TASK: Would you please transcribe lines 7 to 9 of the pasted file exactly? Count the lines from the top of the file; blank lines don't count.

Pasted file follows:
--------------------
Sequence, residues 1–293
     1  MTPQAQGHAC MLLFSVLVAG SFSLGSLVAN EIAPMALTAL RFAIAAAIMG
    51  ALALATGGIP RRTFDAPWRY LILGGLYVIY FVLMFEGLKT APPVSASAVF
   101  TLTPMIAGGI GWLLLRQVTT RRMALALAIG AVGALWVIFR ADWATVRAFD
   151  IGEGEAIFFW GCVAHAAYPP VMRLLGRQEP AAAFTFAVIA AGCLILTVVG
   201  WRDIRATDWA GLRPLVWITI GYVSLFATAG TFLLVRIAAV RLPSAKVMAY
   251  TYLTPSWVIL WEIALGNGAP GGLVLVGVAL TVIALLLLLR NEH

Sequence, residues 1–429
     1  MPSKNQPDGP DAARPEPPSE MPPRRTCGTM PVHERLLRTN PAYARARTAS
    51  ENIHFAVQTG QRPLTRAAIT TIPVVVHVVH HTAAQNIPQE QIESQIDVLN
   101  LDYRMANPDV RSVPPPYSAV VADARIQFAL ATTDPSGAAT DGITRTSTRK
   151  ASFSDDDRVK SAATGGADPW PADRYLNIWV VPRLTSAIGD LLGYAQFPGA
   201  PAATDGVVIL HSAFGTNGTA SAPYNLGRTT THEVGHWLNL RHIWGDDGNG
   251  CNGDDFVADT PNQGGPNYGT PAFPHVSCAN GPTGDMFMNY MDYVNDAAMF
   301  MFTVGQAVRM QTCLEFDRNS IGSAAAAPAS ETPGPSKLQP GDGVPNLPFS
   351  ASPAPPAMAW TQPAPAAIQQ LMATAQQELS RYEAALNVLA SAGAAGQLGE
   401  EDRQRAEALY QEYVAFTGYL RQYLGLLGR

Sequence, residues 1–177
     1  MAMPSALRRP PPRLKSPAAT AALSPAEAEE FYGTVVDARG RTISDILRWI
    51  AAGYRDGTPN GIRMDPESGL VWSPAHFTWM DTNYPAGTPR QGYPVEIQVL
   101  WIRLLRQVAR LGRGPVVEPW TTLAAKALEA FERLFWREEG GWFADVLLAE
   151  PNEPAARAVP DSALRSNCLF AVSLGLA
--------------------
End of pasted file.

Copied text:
   251  TYLTPSWVIL WEIALGNGAP GGLVLVGVAL TVIALLLLLR NEH

Sequence, residues 1–429
     1  MPSKNQPDGP DAARPEPPSE MPPRRTCGTM PVHERLLRTN PAYARARTAS